Her head started throbbing once more as she realised two hours had already passed since the chocolate chip incident had begun and she was now 5 minutes late in picking up her 11-year-old daughter, Mia from school. So, began the frantic endeavour to wrangle 3 children into the car and away from their various life-threateningly important activities. Several painful minutes and a dozen bribery biscuits later, Krysta finally had three kids in the car and was on her way to the school to pick up her pre-teen who would more than likely be sulking at the parent pick up bay because she had to spend 20 boring minutes waiting alone, without her friends or a phone, like all her friends had, to keep her occupied.


9780008194871

Postscript by Cecelia Ahern (Buy it now)


***

The end of the day couldn’t come soon enough. Unfortunately, there was still a good 4 hours at least until her day ended and she’d have a chance to sit down and breathe. It was now 5.30pm and Krysta’s husband Peter arrived home just as she was finally sweeping up the last of the chocolate chips from the kitchen floor. She’d managed to stop and do the grocery shopping, help Mia with her homework, change the twins nappies (twice, as they both had a habit of saving no. 2’s for fresh clean Huggies) pay 3 bills online and hang out a load of washing since doing the school run, but still hadn’t managed to get the dishes done, clean the kitchen or get dinner in the oven.

Peter dumped his laptop bag, keys and wallet on the dining table Krysta had cleared off just 10 minutes earlier and walked over for a kiss. Krysta gave him a quick peck and returned to the sweeping, trying to push down the frustration at his lack of consideration at how hard it was to get time to clear the table for dinner let alone doing it twice in the space of half an hour. “How was your day?” She asked in good wife 101 fashion.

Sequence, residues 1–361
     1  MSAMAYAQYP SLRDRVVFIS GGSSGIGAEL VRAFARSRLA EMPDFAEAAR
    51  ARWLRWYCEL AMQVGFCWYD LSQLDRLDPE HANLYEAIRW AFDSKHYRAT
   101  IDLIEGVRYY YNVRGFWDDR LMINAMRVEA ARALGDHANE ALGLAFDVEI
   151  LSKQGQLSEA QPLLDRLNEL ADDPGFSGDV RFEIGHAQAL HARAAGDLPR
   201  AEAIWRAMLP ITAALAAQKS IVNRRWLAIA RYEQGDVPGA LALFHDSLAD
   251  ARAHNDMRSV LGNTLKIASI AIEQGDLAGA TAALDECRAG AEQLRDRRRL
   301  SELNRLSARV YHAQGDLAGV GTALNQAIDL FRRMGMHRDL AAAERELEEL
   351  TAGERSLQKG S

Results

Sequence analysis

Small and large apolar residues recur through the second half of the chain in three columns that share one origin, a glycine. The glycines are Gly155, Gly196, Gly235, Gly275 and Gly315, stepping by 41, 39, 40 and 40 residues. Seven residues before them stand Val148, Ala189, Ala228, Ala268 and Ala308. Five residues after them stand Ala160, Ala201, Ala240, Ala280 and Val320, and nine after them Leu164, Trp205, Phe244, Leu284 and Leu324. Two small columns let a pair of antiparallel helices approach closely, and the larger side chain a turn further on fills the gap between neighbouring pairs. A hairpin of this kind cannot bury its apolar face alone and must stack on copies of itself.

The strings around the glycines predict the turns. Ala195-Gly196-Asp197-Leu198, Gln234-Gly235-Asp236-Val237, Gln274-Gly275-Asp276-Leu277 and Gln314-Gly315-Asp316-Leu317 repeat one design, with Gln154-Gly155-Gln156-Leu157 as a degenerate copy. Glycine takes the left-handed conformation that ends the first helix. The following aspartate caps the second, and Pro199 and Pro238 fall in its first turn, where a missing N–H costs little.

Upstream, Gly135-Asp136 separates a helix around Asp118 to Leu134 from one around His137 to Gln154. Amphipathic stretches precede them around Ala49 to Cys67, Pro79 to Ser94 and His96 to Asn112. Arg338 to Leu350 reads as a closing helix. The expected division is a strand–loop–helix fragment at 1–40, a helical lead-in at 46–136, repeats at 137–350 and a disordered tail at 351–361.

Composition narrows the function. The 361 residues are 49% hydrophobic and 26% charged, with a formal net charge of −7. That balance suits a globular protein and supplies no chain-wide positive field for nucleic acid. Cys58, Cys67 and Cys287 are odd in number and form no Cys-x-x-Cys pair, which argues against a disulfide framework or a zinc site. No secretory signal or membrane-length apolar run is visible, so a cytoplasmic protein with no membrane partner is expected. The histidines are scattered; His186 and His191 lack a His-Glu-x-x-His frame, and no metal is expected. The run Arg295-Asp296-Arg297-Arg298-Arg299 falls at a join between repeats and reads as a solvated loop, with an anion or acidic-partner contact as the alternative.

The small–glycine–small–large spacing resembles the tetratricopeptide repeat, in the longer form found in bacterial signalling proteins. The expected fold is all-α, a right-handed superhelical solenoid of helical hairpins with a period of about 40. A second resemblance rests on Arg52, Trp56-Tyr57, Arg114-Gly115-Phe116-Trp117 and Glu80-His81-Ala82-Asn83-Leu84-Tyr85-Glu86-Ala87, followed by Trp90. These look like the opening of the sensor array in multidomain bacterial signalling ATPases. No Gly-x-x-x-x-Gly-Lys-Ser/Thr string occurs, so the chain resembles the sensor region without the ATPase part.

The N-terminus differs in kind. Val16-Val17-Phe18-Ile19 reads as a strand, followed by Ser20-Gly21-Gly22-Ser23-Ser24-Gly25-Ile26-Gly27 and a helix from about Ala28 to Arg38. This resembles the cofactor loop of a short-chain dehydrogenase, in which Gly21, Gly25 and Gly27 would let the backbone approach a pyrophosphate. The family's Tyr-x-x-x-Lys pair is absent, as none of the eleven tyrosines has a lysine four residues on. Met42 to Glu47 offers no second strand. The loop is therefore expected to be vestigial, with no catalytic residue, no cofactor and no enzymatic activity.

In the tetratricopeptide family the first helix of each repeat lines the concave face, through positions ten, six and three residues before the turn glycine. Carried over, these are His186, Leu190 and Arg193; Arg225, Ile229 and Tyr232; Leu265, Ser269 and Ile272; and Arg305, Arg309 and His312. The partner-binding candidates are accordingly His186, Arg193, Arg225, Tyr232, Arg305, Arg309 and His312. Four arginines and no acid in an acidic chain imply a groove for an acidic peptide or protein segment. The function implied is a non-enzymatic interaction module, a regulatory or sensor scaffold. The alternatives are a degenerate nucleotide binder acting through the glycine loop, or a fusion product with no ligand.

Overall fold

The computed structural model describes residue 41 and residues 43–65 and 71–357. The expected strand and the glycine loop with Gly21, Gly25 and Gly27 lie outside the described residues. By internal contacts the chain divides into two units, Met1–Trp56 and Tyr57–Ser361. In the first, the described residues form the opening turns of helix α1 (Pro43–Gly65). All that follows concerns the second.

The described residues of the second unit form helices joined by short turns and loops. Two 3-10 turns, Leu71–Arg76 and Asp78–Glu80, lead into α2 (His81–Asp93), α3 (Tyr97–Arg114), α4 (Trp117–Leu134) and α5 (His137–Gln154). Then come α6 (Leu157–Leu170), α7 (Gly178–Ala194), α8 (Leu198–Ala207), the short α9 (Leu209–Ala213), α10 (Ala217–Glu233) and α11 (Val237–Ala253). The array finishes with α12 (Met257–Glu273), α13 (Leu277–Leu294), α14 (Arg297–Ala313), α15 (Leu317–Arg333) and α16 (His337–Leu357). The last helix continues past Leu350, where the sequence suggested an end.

“Yeah not bad, we had to rewrite a whole section of the magazine due to computer problems, so I had to work through my lunch break and eat at my desk, but otherwise it was just the same, same.”

Krysta realised that she’d completely forgotten to have lunch. She glanced over at the island bench where two pieces of bread sat on the well-used chopping board that she’d taken out to prepare a sandwich on, after making sure the kids were all fed. That was when the chocolate chip incident had begun. She’d been ignoring the grumbly sickly feeling in her stomach all afternoon, thinking it was stress and it would go away once she had a chance to rest. It then occurred to her that the headache she’d had all day wasn’t just tension but most likely dehydration since she’d had all of half a cup of water all day.

“At least you had lunch” she said in an exasperated tone, bending down to sweep the pile of dirt and chocolate buttons into the dustpan with the little brush. The same little brush she’d rescued from the toilet not two days earlier and washed, sterilized and dried before putting it back in the laundry where it belonged. She was still annoyed that Peter has used it to clean up the broken glass on the back patio from the beer bottle he dropped and then just left it out there for the twins to find on their morning adventures.